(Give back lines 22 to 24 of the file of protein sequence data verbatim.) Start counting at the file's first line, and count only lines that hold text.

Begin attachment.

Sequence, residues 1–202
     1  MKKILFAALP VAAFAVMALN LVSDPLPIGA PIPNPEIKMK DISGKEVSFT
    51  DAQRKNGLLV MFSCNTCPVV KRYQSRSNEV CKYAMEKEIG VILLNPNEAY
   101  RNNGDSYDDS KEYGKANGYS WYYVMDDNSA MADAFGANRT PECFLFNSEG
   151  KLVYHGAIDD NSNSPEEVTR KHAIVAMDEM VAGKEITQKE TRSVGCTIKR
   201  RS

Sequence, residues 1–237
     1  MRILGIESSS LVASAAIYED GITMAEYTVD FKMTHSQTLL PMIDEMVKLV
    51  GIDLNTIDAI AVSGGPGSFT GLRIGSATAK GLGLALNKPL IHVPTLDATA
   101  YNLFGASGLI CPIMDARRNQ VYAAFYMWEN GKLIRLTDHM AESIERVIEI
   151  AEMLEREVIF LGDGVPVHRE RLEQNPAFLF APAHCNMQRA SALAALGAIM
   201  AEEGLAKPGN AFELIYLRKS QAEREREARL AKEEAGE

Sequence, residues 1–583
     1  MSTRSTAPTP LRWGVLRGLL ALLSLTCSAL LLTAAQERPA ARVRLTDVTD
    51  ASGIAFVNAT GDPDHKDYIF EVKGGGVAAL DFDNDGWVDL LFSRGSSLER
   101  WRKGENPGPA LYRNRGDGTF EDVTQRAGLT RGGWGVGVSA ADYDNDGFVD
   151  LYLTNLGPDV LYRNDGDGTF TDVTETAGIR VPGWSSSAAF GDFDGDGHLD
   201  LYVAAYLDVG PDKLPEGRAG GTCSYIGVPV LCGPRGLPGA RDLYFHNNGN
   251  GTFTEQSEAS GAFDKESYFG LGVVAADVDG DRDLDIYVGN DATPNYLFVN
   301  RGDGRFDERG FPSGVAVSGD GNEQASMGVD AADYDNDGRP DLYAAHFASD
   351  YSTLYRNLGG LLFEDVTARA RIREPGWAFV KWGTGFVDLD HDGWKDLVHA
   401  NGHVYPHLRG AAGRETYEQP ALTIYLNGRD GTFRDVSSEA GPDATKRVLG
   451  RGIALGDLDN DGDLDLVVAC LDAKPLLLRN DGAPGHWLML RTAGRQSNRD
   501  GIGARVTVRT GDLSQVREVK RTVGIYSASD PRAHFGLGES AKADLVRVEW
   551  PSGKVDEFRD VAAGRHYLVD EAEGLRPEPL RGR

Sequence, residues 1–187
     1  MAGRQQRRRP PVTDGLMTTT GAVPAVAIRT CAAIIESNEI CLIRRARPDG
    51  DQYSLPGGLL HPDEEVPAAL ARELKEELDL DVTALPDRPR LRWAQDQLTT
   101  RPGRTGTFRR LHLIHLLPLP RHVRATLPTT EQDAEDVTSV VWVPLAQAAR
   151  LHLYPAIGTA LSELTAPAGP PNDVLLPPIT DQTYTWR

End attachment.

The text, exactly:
   401  NGHVYPHLRG AAGRETYEQP ALTIYLNGRD GTFRDVSSEA GPDATKRVLG
   451  RGIALGDLDN DGDLDLVVAC LDAKPLLLRN DGAPGHWLML RTAGRQSNRD
   501  GIGARVTVRT GDLSQVREVK RTVGIYSASD PRAHFGLGES AKADLVRVEW